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Board of Regents approves tuition hike
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    The Board of Regents approved a tuition increase of $302 for incoming freshman at Georgia's public colleges and universities Wednesday, but those students won't be affected by future rate hikes under the state's "fixed for four" plan.
    The increase will bring tuition costs for a full-time freshman at Georgia Southern to $1,479, but that rate will remain the same for four years, allowing families to budget for college costs without having to worry about yearly increases in tuition costs.
    This is the second year of the "fixed for four" plan, meaning students who enrolled in the 2006-2007 year aren't affected by the tuition increase. Students who enrolled prior to 2006 will see an $89 increase in their tuition costs, said Joe Franklin, vice president for business and finance at Georgia Southern.
    In addition to tuition, students taking at least four credit hours will pay an additional $562 in fees, up $34 from last year. Those charges include the student activity fee, athletic fee, RAC fee, transportation fee, health fee and technology fee.
    "There will be three different tuition rates depending on when you started," Franklin said, "but the fees will be the same for everyone."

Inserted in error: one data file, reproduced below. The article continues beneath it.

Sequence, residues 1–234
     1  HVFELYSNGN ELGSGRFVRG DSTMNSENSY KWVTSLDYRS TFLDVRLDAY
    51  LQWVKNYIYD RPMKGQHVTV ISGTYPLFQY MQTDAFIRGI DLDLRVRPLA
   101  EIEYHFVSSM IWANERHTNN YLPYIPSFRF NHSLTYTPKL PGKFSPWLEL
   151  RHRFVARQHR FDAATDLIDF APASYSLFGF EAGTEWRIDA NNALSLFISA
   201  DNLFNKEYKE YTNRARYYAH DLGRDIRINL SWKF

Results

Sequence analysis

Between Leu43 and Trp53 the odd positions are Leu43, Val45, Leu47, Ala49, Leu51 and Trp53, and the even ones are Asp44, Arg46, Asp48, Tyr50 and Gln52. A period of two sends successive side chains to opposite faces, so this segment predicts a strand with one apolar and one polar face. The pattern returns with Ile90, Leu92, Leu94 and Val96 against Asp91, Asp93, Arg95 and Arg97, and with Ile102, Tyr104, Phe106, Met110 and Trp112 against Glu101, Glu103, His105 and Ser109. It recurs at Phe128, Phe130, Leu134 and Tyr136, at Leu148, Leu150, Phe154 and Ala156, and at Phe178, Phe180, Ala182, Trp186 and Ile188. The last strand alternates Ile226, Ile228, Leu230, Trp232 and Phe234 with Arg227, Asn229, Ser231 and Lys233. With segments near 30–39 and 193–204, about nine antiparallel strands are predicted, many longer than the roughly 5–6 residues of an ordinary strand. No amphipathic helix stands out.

Franklin said the "fixed for four" plan not only helps families budget for college, but gives incentive to students to finish their degree in four years.
    "If they don't finish in those four years, the increase going into their fifth year is going to be very substantial," Franklin said.
    While it may be beneficial to the students, Franklin said the university will have to keep track of several different tuition rates, making the management of it "quite difficult."
    University System of Georgia Chancellor Erroll Davis Jr. said their goal was to maintain affordability and access while keeping rates stable for students and parents.
    "Thanks to the support of Gov. Sonny Perdue and members of the General Assembly, we have the resources to meet these objectives and honor the pledge we made to our customers last year with the introduction of the innovative fixed for four plan," he said.
    The $2.1 billion budget passed by the Board of Regents also includes $54 million in raises for faculty and staff. This year's budget represents a 10 percent increase in state money from last year, the largest increase in 12 years, Davis said.
    "It was an extremely good budget year for us," he told the 16-member board.
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